A life of service and Thanksgiving: Giving back
Between 2005 and 2012, Jason Brown lived what many people would consider to be the American dream. He was a starting NFL offensive lineman, first with the Baltimore Ravens and then with the St. Louis Rams.
In 2009, he signed a five-year deal with the Rams worth $37.5 million.
Then he did what many would regard as unthinkable: He walked away from another potentially big contract to become . . . a farmer. But not just any kind of farmer. Brown became the kind of farmer who embodies what it means to be thankful.
After the Rams released him in 2012, other NFL teams contacted Brown about coming to play for them. He was only 29 years old and could have easily played another two or three years and made millions more.
Instead, he told his agent that he was through with football and was ready to pursue his real dream: becoming a farmer. His agent said he was “making the biggest mistake of his life.” Brown’s reply was “No, I’m not.”
Making the story even more difficult to fathom was that Brown had not grown up on a farm—his father had been a landscaper who took his son with him on jobs. Brown planned on learning how to farm from—are you ready for this?—YouTube and the internet, plus whatever advice other farmers might be willing to give.
If this story sounds a bit quixotic—a colleague of mine says that the 1960s sitcom “Green Acres” came to mind when reading about Brown—there was nothing starry-eyed or impractical about Brown’s motivations. As he told the Raleigh News-Observer, “I want to help people.”
When he looks out at his 1,000-acre farm, he sees “youngsters learning how to fish” in its ponds, and fields “dedicated to providing fresh produce to shelters and food pantries.”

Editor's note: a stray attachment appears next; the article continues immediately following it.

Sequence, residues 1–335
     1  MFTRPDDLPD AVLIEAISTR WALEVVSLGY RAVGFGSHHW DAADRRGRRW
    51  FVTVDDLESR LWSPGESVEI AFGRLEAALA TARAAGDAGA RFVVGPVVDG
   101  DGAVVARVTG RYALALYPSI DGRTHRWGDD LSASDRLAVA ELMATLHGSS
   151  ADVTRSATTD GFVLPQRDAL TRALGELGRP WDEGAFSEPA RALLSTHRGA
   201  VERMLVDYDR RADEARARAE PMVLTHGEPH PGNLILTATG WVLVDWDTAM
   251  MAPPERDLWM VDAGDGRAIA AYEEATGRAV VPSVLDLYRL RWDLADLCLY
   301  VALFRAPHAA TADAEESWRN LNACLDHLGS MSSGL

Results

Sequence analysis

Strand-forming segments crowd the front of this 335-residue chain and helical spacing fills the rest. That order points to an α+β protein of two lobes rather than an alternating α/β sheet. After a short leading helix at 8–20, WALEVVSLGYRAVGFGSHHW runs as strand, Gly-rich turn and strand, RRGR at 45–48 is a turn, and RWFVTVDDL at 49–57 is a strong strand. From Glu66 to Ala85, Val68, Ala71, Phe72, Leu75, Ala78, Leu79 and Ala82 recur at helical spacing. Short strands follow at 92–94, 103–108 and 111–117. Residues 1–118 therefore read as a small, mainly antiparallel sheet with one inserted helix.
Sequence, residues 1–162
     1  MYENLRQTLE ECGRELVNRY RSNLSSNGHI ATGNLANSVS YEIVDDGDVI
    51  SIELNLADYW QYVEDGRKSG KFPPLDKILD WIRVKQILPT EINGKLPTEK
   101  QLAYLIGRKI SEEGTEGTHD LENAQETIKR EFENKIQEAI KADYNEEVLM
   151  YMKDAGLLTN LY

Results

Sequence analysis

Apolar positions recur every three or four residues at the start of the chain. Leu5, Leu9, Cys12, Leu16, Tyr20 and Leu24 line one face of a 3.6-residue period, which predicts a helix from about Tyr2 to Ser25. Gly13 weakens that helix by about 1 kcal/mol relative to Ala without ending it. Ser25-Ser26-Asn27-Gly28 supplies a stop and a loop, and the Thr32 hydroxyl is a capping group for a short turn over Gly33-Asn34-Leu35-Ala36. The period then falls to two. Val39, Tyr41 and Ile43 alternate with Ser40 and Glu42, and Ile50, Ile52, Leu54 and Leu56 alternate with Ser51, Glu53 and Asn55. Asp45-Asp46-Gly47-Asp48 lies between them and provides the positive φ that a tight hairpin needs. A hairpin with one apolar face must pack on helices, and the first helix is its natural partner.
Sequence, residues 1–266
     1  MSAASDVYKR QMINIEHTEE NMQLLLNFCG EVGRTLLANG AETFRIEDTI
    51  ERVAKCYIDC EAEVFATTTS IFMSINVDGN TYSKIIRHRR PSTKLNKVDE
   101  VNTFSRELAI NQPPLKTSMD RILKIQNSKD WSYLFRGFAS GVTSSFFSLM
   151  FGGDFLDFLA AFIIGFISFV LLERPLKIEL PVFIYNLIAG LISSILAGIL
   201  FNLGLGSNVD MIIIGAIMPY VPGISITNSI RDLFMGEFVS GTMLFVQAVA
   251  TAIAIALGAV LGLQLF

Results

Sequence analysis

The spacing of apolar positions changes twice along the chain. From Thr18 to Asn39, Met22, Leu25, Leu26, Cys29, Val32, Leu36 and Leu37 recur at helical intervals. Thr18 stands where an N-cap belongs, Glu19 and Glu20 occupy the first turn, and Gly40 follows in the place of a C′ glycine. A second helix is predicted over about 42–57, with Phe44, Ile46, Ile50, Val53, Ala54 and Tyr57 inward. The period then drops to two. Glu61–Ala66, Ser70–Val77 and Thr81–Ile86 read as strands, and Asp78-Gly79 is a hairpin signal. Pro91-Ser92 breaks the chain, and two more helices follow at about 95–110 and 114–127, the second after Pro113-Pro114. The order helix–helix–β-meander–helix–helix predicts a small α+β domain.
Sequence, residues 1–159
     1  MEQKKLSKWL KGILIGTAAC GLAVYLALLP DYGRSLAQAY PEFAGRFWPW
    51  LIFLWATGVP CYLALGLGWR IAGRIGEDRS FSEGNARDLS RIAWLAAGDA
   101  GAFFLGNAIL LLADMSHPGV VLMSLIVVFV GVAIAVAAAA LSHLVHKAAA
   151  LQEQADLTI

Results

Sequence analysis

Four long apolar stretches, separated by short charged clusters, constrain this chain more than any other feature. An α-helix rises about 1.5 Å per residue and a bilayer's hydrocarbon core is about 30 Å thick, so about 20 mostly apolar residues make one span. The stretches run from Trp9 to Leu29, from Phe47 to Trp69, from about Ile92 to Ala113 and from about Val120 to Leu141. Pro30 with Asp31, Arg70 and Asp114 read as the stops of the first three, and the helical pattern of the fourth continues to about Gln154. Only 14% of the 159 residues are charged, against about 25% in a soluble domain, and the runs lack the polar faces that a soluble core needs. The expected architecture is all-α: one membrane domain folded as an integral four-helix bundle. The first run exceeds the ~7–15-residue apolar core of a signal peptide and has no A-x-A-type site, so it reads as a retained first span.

As any farmer can tell you, things don’t always go according to plan. Thus, “Many of the squash and cucumbers he had planned to give away were not harvested this summer because of heavy rains.” Similarly, “The apple, plum and pear trees need time to mature.”
But earlier this month, he harvested his first crop: five acres of sweet potatoes, fifty tons, which he promptly gave away. As Rebecca Page of the Society of St. Andrew, told a North Carolina television station, “"It's unusual for a grower to grow a crop just to give [it] away.”
You’ve probably guessed what motivates Jason Brown. If you haven’t, here’s a clue: his farm is named “First Fruits.” Brown’s former Rams teammate, All-Pro wide receiver Tory Holt, recalls Brown as “always being very strong in his faith.” According to Holt, Brown “was very encouraging to everyone.”
After his playing days were over, Brown decided that “it was time to start giving back . . . God has blessed us with this place,” he said, “and I am to be a steward, to use all these good things to help other people.”
To those who wonder why he walked away from football, Brown replies that “when I think about a life of greatness, I think about a life of service."
The Browns are taking a break from farming today to celebrate Thanksgiving. As the News and Observer reports, “He is thankful for what he has been given and thankful for what he hopes to do.”
And we are thankful for his example, which should serve as an encouragement to us all.
On behalf of John Stonestreet and the staff of BreakPoint, I wish you and yours a very happy Thanksgiving.
Reprinted with permission from BreakPoint.